LOS ANGELES (CBSLA) — California’s eviction moratorium is set to expire soon, and tenant’s rights activists and local lawmakers are calling on Gov. Newsom to pass an extension, or risk a “tidal wave of evictions.”

Jodi Shilling opened her Northridge dance studio, Relevé, just weeks before businesses were required to shut down.

Jodi Shilling opened her Northridge dance studio, Relevé, just weeks before businesses were required to shut down.

“All of my money and my savings, everything that we had went into building this facility and we were expecting an influx of new students over the next few months, but we all know that that changed,” she said.

She’s faced months without income, and now she is struggling to pay her rent.

“This facility’s rent is about $20,000 a month, and that is not sustainable for a small business owner with no income coming in,” she said.

She said her landlord has refused to defer her rent unless she agrees to a rent increase.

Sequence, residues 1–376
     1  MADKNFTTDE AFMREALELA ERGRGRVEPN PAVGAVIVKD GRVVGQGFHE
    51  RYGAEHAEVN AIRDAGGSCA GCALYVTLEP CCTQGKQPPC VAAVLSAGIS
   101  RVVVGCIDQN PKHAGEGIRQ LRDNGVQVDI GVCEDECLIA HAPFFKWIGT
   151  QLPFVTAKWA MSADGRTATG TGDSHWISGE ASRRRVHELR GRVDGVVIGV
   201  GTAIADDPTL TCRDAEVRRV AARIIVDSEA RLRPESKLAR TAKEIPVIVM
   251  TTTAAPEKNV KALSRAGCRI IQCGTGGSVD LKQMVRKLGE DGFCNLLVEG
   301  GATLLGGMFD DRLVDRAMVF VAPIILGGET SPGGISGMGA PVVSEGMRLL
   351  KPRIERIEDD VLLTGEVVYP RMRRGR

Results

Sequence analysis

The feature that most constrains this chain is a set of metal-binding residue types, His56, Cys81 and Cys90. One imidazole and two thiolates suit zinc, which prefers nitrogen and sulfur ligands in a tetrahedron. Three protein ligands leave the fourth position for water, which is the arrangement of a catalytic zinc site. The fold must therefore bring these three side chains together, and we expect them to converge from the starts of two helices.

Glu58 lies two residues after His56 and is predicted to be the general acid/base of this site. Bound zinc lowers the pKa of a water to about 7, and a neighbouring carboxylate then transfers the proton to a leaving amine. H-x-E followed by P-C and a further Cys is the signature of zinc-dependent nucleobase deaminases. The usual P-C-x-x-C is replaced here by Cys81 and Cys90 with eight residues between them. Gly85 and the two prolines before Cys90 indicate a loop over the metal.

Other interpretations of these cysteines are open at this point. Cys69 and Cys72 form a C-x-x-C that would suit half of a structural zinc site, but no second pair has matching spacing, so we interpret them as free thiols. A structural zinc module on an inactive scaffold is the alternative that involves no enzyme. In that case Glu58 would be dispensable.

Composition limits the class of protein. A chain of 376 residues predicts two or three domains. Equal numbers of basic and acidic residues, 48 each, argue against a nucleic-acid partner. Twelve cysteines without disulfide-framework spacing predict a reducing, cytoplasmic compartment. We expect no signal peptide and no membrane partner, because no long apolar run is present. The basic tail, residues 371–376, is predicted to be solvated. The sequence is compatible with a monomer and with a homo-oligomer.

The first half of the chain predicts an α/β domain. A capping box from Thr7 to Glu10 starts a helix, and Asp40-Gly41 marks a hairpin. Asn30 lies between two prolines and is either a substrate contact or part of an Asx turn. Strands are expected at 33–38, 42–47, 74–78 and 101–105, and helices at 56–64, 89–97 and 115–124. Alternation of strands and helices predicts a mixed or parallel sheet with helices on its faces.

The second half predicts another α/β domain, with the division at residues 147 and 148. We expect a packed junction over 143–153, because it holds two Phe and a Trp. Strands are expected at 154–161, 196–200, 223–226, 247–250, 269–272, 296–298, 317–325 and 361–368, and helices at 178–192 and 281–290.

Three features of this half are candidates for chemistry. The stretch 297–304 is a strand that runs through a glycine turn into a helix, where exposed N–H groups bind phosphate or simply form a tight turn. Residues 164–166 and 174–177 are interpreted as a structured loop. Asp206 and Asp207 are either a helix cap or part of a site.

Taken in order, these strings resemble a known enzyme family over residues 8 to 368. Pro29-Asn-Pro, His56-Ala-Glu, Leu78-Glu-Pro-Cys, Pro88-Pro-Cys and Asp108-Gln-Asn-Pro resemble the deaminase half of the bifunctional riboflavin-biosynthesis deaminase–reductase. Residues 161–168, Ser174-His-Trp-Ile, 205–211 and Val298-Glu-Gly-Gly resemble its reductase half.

“After I involved my lawyer, I asked again and they purposed an offer that would make me waive my rights in my lease and I was unwilling to do that,” she said.

It’s not just small business owners who are struggling. A recent study from UCLA found that 365,000 residential renters in L.A. County will face eviction if the moratorium isn’t extended with AB1436. Families with children make up 184,000 of those renters.

“If this bill fails to pass, the consequences will be stark and ugly and nothing short of dystopian,” said councilman Mike Bonin.

The L.A. City Council voted last week to unanimously support AB1436. The bill would extend the eviction moratorium until 15 months after a state or local state of emergency is lifted.

After the moratorium expires, landlords would be encouraged to accept payment plans instead of pursuing eviction, and a tenant’s credit score could not be negatively impacted by rent debt.

The bill also recently added a provision to provide a one year forbearance for landlords with less than four properties and a six month forbearance for those with five or more properties.

Shilling said that’s all the more reason for her landlord to work with her and not against her.

“I have devoted almost my entire life to this,” she said. “I am good at this, and it’s what I love to do. To see this dream fail would shatter me.”

Opponents of extending the eviction moratorium say it doesn’t require tenants to prove economic hardship due to COVID-19. They also say people may take advantage of the system and simply not pay their rent.

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